Australia’s quokka’s survival in trouble due to climate change

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Friendly quokka

This is another blow to Australia’s conservation of their small native species. The quokka is a short-tail scrub wallaby, a small macropod about the size of a domestic cat and a marsupial. They are inquisitive, and popular with people who want to take a selfie with them because of their smiling demeanour.

However, their numbers have been depleted by Australia’s natural disasters. Worryingly, a study has found that their ability to regain previous numbers is much slower than had been thought.

Friendly quokka

Friendly quokka. Image by Tracey Wong from Pixabay.

There are two main distributions of quokka in Australia, the mainland which is near Northcliffe about 200 miles south of Perth and the island habitat of Rottnest Island which is 12 miles off Perth. The island habitat tends to create less genetic diversity and therefore the mainland group of quokka is important but their numbers, which were believed to be 600 before their forest home was burnt in wildfires in 2015, were depleted to 39 in 2016. It was projected that the numbers would increase to the previous levels in three years but a survey has concluded that it can take as long as thirteen years to rebuild the population to the numbers that existed before the fire.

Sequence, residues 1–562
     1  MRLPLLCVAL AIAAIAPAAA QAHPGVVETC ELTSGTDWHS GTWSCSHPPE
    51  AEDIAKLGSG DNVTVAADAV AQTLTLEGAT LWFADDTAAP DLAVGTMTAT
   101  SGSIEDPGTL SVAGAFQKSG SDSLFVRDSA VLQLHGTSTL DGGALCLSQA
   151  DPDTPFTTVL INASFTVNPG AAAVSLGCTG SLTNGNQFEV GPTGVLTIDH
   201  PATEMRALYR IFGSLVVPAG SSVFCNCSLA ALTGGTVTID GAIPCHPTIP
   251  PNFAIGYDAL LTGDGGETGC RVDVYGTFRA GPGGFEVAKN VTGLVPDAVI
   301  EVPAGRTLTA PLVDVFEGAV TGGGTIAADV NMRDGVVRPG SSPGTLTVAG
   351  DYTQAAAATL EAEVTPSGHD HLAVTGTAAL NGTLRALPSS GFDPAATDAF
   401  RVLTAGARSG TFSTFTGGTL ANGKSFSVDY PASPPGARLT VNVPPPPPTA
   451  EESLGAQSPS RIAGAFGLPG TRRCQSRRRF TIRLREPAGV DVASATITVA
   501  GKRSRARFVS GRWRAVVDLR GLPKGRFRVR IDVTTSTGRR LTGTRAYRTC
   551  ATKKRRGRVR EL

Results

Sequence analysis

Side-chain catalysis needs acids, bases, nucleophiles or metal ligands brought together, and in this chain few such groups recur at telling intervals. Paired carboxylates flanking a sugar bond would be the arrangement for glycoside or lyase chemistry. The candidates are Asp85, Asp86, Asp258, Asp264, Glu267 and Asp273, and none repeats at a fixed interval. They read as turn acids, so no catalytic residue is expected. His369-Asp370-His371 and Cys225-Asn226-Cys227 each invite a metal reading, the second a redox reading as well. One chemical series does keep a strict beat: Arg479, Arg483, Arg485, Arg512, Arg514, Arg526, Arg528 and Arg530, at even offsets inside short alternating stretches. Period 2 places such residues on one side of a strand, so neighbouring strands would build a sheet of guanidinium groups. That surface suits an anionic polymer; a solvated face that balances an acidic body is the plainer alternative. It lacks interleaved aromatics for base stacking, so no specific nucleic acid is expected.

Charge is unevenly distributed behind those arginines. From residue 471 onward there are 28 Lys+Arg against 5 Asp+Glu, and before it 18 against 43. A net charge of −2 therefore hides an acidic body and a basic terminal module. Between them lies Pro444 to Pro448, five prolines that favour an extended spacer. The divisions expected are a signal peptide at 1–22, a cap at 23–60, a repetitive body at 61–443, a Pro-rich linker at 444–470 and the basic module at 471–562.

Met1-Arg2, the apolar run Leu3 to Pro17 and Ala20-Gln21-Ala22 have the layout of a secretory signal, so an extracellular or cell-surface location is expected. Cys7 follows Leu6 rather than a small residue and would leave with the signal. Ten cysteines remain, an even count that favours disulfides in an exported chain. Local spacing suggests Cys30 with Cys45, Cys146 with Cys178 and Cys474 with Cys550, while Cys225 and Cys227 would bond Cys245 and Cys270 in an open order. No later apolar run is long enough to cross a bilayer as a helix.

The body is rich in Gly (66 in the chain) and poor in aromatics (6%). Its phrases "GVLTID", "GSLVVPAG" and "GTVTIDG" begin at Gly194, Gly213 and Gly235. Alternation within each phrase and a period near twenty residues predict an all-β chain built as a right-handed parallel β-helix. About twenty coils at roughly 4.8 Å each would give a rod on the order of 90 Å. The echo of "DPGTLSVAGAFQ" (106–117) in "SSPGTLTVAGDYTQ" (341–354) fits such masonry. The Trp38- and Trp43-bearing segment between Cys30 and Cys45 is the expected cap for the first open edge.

In addition to the fires which have decimated their habitat, climate change is affecting their habitat as well. They live in a really dense habitat which is becoming more sparse because the plants cannot adapt to a drying climate, said Ashley Chauvin, the author of the study carried out in conjunction with World Wildlife Fund and the government of Western Australia.

If another fire devastates the mainland habitat of this charming marsupial, they will have nowhere to escape to and this seriously jeopardises their survival. It is believed that the total population number of quokkas is 7,500 adults most of whom are on Rottnest Island where they are protected.

It appears that climate change is causing more frequent and more devastating fires in Australia which must be of great concern to the government. Australians are very protective of their native species so to see this scale of wild animal devastation must be very hurtful. Regrettably, climate change is a product of humankind’s carelessness and greed and therefore the damage done to the survival of quokka and other species originates in human behaviour. This is ironic because the Australian government is going out of their way to eradicate feral cats on the continent to protect native species. Feral cats exists because of, once again, human carelessness. Australians should and could do more to work out what they can do in terms of their activities to conserve wild animals.

They export coal to China which fuels climate change for example altough their dispute with China has curbed coal exports.

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